Today’s Topic: How Is Coaching Like Parenting?
When recruiting players, coaches from all sports have to also recruit players’ families.
They want to know what kind of son or daughter, or brother or sister they are recruiting. A son that doesn’t respect his family is generally going to be a player that doesn’t respect his coaches.
A couple of years ago, Ohio State running backs coach Tony Alford told a story about recruiting Ezekiel Elliott when he was at Notre Dame, and how he still remembered the interactions he saw between Elliott and his sister and how he could tell just through those moments that Elliott was the type of person he would like to coach.
When parents and guardians then sign off on their sons and daughters going to a particular school, they don’t do it thinking their child is going to be running amuck and without any supervision.
It is at this point when coaches stop being recruiters and become extended parents. Most players are too far from home to visit when they’d like, so coaches have to fill those needs where they can. Including providing the occasionally needed tough love.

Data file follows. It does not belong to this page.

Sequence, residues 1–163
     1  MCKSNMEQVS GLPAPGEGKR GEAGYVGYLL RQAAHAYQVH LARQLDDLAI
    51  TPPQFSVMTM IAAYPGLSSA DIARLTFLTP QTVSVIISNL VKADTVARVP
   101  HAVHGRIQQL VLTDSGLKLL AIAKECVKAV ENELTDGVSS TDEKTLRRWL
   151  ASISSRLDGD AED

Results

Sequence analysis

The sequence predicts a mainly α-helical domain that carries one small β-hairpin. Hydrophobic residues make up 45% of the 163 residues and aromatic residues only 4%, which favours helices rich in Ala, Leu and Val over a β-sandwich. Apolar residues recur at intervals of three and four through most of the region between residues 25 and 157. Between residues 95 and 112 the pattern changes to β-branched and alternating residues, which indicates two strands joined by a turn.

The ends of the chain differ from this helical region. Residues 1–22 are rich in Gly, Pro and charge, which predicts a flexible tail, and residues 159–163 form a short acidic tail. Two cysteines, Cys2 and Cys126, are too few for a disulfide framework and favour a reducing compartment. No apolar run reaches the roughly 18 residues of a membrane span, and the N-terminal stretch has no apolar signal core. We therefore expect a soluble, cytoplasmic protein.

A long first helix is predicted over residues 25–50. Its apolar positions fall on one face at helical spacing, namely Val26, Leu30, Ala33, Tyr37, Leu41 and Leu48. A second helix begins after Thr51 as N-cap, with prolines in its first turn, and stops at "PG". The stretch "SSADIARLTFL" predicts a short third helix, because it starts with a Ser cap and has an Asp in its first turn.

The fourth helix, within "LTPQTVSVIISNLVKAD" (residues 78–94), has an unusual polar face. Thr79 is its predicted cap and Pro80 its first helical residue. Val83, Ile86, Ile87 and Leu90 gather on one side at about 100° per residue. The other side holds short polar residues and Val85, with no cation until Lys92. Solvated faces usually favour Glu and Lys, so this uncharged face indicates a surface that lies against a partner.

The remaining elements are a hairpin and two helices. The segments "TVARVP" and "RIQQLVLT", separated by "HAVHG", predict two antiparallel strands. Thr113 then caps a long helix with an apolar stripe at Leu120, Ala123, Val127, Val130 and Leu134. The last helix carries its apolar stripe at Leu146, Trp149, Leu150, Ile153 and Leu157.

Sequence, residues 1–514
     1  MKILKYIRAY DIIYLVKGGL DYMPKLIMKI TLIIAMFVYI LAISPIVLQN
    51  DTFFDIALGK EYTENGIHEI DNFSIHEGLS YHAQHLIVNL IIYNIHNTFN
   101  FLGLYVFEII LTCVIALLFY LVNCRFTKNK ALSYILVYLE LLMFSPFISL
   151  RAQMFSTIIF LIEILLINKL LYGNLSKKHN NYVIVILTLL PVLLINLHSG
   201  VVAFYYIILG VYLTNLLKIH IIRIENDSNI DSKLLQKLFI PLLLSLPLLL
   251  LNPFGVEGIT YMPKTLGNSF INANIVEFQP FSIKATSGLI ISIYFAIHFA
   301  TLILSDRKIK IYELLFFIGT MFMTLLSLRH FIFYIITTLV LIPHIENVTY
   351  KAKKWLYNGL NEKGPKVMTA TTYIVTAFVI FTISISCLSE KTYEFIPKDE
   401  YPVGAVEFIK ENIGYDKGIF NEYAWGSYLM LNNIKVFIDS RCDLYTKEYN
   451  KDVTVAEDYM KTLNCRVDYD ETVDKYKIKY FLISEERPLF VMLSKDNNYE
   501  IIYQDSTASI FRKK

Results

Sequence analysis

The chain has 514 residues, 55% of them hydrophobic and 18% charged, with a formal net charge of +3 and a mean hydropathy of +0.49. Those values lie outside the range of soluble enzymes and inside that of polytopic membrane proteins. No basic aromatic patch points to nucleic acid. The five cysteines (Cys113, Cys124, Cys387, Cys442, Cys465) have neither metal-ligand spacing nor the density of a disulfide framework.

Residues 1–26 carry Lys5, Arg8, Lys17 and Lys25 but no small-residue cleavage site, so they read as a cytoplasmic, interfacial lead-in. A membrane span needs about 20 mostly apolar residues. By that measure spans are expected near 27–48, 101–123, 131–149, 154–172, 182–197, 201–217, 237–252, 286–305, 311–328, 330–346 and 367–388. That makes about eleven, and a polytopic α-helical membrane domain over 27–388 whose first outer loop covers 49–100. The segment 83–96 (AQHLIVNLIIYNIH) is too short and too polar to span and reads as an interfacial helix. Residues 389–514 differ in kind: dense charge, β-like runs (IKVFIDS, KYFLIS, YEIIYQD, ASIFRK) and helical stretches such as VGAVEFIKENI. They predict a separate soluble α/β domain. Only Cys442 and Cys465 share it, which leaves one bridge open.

Coaches — like parents — have to be consistent, however.
“Coaching is no different than parenting. Everyone is treated fairly,” Alford said this spring. “People say, ‘I’m going to treat you all the same.’ You’re not. You’re not going to treat them all the same. I don’t treat my children all the same. I’ll treat them fairly. And the expectation levels are all the same.
“The way I talk to Master [Teague] is vastly different than the way I talk to Demario [McCall]. Or how I talk to JK [Dobbins]. The way I talk to Mike Weber is very, very different than how I talk to Marcus Crowley. But you have to know your players, you have to know your clientele, you have to know your kids, and what’s going to push them.
“And if they need something mentally, then how do I make that happen for them? How can I help facilitate that? And make them understand, ‘Here’s where you’re at, here’s where we have to go, and here’s how we’re going to do it.’ And every kid is a little bit different.”
Jim Tressel used to say that players don’t care how much you know until they know how much you care.
In the clip below, you can see just how much Tony Alford cares, and how much JK Dobbins knows it.